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American Morning

Spree Killer Arrested in Illinois; John McCain Talks Free Trade in Colombia; Starbucks to Close Underperforming Stores; Cyber Cheating is a New Ground for Divorce; Critics Call New Swim Suit Technological Doping; Oil Prices Up Again This Morning; Faith Bringing Barack Obama and President Bush Together; Polygamist Wives Selling their Prairie Look on the Internet

Aired July 02, 2008 - 06:00   ET


ANNOUNCER: Issue number one.

UNIDENTIFIED MALE: I come from a closed plant in New Jersey.

ANNOUNCER: As car sales sink to a ten-year low, John McCain makes a stop way off the electoral map. Fighting for free trade. Promising to save American jobs.

JOHN MCCAIN, PRESUMPTIVE GOP PRESIDENTIAL NOMIONEE: We must create more jobs for Americans, and for our neighbors to the south.

ANNOUNCER: Plus the super Speedo.

UNIDENTIFIED MALE: Literally, the water bounces right off of it.

ANNOUNCER: The suit that could save precious seconds in Beijing if you have 40 seconds to squeeze into it. On this AMERICAN MORNING.


JOHN ROBERTS, CNN ANCHOR: High-tech suit? Yes, 40 minutes to squeeze in. But, you know, people like Michael Phelps just go bare-chested and you're still setting records. So we'll be looking at all that today.

And lots of politics. John McCain in Colombia and Mexico today. Barack Obama going to be talking about national service.

Welcome to the show. It's Wednesday. It's the 2nd of July.

CHETRY: And topping the news this Wednesday morning, the suspect in a two-state killing spree is behind bars this morning. 28-year-old Nicholas Sheley wanted in connection with eight murders in Illinois and Missouri over the past week. He was captured last night in Granite City, Illinois. That's about 10 miles north of St. Louis.

Police say Sheley has a long and violent criminal history. He's scheduled to be arraigned in court later this morning.

CNN's Susan Roesgen has more. (BEGIN VIDEOTAPE)

SUSAN ROESGEN, CNN CORRESPONDENT (voice-over): Whoever killed these people was desperate and had nothing left to lose. That's what investigators say about Nicholas Sheley, arrested on a warrant charging him in one murder and he's suspected of seven more.

Among the most recent killings, detectives believe Sheley used something as a weapon, they won't say what, to attack an Arkansas couple in Festus, Missouri. The husband and wife were in town for a graduation party. Detectives say Sheley beat them to death in their hotel parking lot. The couples' dogs attracted attention.

UNIDENTIFIED MALE: A customer of the hotel came in and found two dogs on the parking lot. Both dogs were covered in blood.

ROESGEN: In just one week, eight people were found murdered in what detectives say was a one-man killing spree, stretching nearly 300 miles. The first killing was in Whiteside County in Sterling, Illinois, toward the north. The Festus, Missouri, murders were near St. Louis to the south.

In Galesburg, Illinois, a man was killed behind this grocery store. A gas station clerk nearby says he spotted a man who looked like Sheley covered in blood. Rock Falls, Illinois, three adults and one child, killed in this small apartment. And in Sterling, Illinois, a 94-year- old man beaten to death, his body stuffed in the trunk of a car.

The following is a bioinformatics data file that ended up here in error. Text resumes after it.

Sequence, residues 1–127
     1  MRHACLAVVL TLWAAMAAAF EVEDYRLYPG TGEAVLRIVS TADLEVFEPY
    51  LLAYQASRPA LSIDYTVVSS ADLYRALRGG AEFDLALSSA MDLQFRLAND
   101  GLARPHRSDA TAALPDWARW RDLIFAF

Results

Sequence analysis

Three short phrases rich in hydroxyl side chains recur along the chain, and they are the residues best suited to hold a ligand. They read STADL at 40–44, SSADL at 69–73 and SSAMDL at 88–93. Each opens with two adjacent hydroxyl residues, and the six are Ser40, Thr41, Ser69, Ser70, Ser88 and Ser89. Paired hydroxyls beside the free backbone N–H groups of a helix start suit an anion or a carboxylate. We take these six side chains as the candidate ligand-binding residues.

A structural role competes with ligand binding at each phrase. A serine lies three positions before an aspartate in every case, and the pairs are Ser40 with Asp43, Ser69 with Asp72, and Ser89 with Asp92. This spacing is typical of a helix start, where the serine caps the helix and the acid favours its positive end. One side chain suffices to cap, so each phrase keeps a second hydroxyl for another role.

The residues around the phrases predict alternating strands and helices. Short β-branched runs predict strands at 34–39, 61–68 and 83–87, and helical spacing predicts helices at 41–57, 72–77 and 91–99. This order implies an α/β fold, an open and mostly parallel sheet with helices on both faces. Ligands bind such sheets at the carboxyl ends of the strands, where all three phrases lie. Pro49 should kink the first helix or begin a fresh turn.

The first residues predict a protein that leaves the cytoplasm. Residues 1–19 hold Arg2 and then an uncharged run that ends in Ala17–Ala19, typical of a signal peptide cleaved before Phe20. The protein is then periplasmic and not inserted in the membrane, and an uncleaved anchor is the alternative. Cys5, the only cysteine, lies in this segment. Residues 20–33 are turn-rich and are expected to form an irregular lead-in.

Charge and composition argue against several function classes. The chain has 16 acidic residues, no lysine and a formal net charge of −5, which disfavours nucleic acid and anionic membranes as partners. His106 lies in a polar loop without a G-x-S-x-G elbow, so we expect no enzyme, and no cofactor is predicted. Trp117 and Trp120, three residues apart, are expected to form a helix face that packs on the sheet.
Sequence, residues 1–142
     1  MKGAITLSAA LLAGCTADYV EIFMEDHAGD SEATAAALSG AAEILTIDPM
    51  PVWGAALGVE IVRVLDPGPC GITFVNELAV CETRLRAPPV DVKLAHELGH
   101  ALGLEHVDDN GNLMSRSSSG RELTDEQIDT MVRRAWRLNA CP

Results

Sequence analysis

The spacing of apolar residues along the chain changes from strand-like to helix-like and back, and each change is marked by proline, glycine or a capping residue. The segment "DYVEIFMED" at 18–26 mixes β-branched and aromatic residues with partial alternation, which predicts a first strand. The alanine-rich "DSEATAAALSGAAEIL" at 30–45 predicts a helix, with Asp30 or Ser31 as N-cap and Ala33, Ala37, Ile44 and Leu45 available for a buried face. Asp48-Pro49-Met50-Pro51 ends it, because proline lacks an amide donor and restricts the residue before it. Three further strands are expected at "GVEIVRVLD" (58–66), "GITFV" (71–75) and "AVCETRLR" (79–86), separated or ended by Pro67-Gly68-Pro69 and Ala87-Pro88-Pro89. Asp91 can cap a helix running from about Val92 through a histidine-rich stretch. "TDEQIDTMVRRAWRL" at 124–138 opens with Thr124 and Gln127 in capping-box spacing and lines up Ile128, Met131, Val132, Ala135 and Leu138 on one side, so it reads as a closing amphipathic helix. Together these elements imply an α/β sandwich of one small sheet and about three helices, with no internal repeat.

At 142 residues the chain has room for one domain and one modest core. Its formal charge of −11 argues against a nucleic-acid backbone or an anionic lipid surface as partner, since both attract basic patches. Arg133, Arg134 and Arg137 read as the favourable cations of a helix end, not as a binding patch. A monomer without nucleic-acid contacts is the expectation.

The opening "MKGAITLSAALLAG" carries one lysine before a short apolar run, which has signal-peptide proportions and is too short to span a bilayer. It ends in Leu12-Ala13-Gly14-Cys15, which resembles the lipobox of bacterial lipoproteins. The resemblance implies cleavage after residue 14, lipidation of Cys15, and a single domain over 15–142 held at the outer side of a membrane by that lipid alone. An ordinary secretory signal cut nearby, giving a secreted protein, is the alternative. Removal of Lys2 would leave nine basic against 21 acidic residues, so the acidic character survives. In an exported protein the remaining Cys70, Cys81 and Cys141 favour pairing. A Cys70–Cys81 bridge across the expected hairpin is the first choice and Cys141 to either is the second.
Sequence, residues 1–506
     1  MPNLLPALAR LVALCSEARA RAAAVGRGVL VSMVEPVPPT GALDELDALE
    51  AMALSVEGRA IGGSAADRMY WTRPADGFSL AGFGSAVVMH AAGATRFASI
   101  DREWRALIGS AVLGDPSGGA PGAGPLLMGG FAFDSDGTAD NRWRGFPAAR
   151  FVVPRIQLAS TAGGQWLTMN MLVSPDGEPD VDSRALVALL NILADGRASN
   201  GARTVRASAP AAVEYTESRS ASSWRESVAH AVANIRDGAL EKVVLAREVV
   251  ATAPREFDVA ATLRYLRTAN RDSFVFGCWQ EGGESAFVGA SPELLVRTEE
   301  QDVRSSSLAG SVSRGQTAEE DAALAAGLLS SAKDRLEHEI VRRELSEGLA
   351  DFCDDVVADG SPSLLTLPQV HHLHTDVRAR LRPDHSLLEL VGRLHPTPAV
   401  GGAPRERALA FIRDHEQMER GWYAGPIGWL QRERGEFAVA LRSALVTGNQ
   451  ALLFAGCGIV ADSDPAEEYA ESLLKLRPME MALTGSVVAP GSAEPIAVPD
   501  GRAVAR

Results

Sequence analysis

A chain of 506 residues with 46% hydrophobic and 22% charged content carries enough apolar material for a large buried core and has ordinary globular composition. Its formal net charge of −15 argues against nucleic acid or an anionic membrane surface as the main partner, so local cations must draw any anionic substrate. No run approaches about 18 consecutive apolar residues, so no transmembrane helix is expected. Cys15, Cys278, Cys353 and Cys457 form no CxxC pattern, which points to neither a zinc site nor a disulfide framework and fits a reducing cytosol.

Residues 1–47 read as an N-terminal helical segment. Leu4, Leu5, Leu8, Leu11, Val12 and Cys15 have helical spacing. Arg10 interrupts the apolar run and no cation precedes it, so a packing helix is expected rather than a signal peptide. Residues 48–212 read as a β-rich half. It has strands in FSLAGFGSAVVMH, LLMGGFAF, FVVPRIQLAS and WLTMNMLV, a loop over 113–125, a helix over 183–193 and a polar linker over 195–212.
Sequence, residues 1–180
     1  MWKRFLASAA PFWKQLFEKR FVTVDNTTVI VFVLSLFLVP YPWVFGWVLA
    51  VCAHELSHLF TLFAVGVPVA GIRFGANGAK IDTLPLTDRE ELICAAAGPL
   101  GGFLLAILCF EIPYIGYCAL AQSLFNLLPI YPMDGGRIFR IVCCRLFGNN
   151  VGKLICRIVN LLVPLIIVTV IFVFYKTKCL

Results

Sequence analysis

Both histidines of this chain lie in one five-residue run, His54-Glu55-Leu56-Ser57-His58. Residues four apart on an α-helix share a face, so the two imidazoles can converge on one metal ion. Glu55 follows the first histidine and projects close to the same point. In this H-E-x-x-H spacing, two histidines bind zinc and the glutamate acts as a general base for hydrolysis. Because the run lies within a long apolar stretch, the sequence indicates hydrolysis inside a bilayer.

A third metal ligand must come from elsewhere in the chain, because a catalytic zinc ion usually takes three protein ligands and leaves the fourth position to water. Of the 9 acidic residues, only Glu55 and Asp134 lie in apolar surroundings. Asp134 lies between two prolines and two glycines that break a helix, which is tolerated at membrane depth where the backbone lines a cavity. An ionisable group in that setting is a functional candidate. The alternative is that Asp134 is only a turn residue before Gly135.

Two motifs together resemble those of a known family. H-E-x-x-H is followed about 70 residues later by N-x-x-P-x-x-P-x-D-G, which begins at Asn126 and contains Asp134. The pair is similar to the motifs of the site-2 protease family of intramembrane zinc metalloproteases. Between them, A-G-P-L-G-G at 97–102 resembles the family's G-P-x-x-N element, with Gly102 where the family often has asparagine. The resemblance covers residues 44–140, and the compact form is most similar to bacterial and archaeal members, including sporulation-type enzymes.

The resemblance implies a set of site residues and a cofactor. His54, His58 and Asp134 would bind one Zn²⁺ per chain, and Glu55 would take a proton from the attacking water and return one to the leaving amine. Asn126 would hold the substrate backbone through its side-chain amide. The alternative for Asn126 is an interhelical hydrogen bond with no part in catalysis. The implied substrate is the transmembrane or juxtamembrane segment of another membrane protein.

UNIDENTIFIED MALE: Nice old man. He didn't hurt nobody or nothing.

ROESGEN: The last time anyone saw Sheley was Monday night at Busch Stadium where the Cardinals were playing in St. Louis. He was arrested not far from there in Granite City, Illinois, with a $25,000 bounty on his head.

Susan Roesgen, CNN, Rock Falls, Illinois.


ROBERTS: Turning now to the "Most Politics in the Morning." John McCain talking free trade in Colombia today. It is the second time in as many weeks that he's pushing that message that free trade is vital to jumpstarting the U.S. economy. And it's a sharp difference from Barack Obama. Here's CNN's Dana Bash.

DANA BASH, CNN CONGRESSIONAL CORRESPONDENT: John and Kiran, make no mistake about it. John McCain may not be in a battleground state or any U.S. state at all, but his trip abroad is all about his political message back home. That free trade will create new jobs. But that's a tough sell in hard hit industrial states.


BASH (voice-over): A tough on crime speech in Indiana, a reliably Republican state that Barack Obama hopes to make competitive. A political no brainer. But you won't find John McCain's next stop on any electoral map. Colombia in South America. It has some political veterans scratching their heads.

DAVID GERGEN, SENIOR POLITICAL ANALYST: He should be spending his time here laying out much more emphatically and clearly his economic plans.

SEN. JOHN MCCAIN (R), PRESIDENTIAL CANDIDATE: I am strongly in favor of the free trade agreement between the United States and the nation of Colombia.

BASH: McCain says he's going to Colombia to spotlight his support for free trade, which he calls crucial to jump starting the U.S. economy. A sharp difference with Barack Obama.

MCCAIN: He doesn't support the Colombia free trade agreement. I think it would be -- have very serious consequences if we rebuked our closest ally.

BASH: The Colombia Free Trade Agreement is now stuck in Congress, held up by Democrats including Obama.

SEN. BARACK OBAMA (D), PRESIDENTIAL CANDIDATE: We have not been very good negotiators in our trade agreements in terms of making sure that the interests of American workers and not just corporate profits are cared for.


SEN. JOHN MCCAIN (R), PRESIDENTIAL CANDIDATE: We must encourage more trade agreements to create more jobs on both sides of the border.


BASH: McCain's new Web ad promising trade equals jobs is proof he hopes his trip abroad will help back home. His problem? There is new evidence most voters don't agree with McCain that free trade will help fix their economic woes.